“White Houses” must be one of the most touchingly romantic stories I’ve read in a long time. This is also a novel with searing political insight that offers an alternative view of history. Amy Bloom writes from the perspective of Lorena Hickock who was a journalist and author of the early-mid 20th century. She also shared a strong relationship with First Lady Eleanor Roosevelt. The enormous affection between these two women is well documented but historians still disagree about whether their relationship was physical or not. In Bloom’s novel, Lorena and Eleanor’s enduring love for each other is unequivocal and she frequently takes the reader into their bedroom – not in a gratuitous way, but to show the transformative effect and power of the intense love they shared. At the same time she portrays the seat of government throughout crucial years of US history when FDR led the country through The Depression and the Second World War. This was also a time in LGBT history when FBI Director J. Edgar Hoover sought to persecute “subversive” behaviour and specifically kept a large file on Eleanor who was a famed liberal and civil rights activist. The result is a tale which is large in scope while also offering an achingly intimate portrait of a love affair cruelly shaken by extraordinary circumstances.
Lorena’s narrative weaves together fragments from her long relationship with Eleanor from blissful moments of their “honeymoon” when they escaped together to enjoy some solitude to the painful time when Lorena moved out of the White House to avoid embroiling Eleanor in a scandal. Lorena also recounts the story of her life from an impoverished childhood to the tricky position of being a female reporter in a male-dominated newsroom trying to hide her lesbianism: “I pretended that even though I hadn’t found the right man, I did want one. I pretended that I envied their wives and that took effort.” What’s particularly interesting about the way her past is related is that its in the context of a scene where Eleanor invites Lorena to tell the story of her life. While the reader receives the unedited version, Lorena leaves out parts that she knows will particularly distress Eleanor such as the sexual abuse she suffered from her father as an adolescent and her moment of sexual discovery with an individual named Gerry who is “brother and sister in one body” at a carnival she worked at for a brief period. This strikingly shows the complexity of how lovers exchange stories of their pasts which are carefully edited or modified, not necessarily in order to deceive their partner, but to drip feed what they know their lover can take.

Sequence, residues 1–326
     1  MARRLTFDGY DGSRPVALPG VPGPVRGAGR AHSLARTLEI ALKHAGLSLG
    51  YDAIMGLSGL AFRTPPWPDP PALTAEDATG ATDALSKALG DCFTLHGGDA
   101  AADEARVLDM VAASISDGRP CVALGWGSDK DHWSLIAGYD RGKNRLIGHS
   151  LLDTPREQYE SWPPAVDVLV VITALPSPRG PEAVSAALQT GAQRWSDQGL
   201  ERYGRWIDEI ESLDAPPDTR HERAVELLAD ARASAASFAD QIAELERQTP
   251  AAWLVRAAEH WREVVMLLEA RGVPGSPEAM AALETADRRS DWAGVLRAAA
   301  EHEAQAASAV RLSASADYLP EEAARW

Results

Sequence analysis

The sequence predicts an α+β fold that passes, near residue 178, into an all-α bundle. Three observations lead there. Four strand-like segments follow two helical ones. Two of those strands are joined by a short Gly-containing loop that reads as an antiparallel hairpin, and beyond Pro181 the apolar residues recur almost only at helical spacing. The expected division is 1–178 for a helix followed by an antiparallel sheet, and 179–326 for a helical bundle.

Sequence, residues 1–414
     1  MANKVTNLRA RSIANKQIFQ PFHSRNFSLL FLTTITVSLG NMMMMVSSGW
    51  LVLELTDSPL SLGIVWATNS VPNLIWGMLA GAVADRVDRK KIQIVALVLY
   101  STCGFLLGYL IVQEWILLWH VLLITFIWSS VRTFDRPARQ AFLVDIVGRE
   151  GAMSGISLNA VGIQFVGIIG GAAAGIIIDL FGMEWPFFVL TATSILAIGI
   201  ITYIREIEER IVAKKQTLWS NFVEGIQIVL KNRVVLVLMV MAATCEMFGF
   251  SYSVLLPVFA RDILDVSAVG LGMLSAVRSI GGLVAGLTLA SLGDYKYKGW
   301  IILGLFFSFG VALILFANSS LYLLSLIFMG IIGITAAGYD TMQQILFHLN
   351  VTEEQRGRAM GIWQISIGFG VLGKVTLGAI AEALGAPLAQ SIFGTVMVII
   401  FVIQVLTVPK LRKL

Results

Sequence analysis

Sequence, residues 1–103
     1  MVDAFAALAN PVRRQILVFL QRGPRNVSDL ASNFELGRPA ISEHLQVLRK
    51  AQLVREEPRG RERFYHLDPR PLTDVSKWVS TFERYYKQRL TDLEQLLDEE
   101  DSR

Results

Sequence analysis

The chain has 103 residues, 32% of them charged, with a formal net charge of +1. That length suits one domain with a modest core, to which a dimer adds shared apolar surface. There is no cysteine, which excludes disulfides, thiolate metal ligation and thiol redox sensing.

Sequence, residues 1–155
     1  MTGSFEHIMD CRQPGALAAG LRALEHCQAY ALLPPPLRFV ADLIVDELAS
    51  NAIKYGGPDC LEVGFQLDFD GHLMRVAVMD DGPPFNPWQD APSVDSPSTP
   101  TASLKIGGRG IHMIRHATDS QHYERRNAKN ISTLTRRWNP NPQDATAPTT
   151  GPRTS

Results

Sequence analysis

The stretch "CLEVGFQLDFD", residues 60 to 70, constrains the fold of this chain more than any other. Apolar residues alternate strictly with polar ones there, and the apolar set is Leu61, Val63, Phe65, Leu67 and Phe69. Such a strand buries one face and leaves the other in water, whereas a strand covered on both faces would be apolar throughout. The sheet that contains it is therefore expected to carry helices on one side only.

Something I loved so much about this novel is the way Bloom realistically portrays the physicality of these women’s relationship. Lorena and Eleanor are aware that they aren’t “conventional beauties” but in bed “what may not look beautiful does feel beautiful.” It’s so moving the way she describes how features which would be scorned in public can become desirable qualities in the intimate space of romance. What’s more she describes how empowering this can be: “In bed, we were beauties. We were goddesses. We were the little girls we’d never been: loved, saucy, delighted, and delightful.” It’s a safe area where these individuals can reckon with their pasts and identity can become fluid to escape the confines of the roles they have to play in public. The only novel I can recall that comes close to exploring this kind of complexity is Garth Greenwell’s “What Belongs To You” – especially in the way that both books portray how LGBT people seek out spaces where desire can be honestly expressed as a way to enact all the multifaceted aspects of their personalities which aren’t socially acceptable to reveal in public.
What’s so especially engaging about this novel and makes it so compulsively readable is that Lorena’s voice is exremely witty and engaging. She’s a plain-talking journalist who often cuts through the social niceties of high society’s pomp. Lorena speaks frankly to many characters including Eleanor’s duplicitous daughter, a tortured gay cousin named Parker who comes close to ruining the family and Franklin D Roosevelt’s lover. She hilarious recounts her frank disdain for the “pink turkey parts” men have between their legs. There’s also a mesmerising intensity to her insomniac wanderings through the White House late at night where she sometimes encounters FDR to share a nightcap. She remarks of him that “He was the greatest president of my lifetime and he was a son of a bitch every day.” But, despite her hardened attitude which she acquired from such a challenging life, Lorena maintains a touching idealism and hope in her relationship with Eleanor that “Our love would create its own world and alter the real one, just a little.” It’s an important message and one which makes this historical novel all the more relevant today given that the US is more politically divided than ever and the echoed message of “America First” carries with it such stifling reactionary sentiments. “White Houses” gives us a portrait of the past which makes it clear how America has always been a nation where there are multiple meanings of the word home.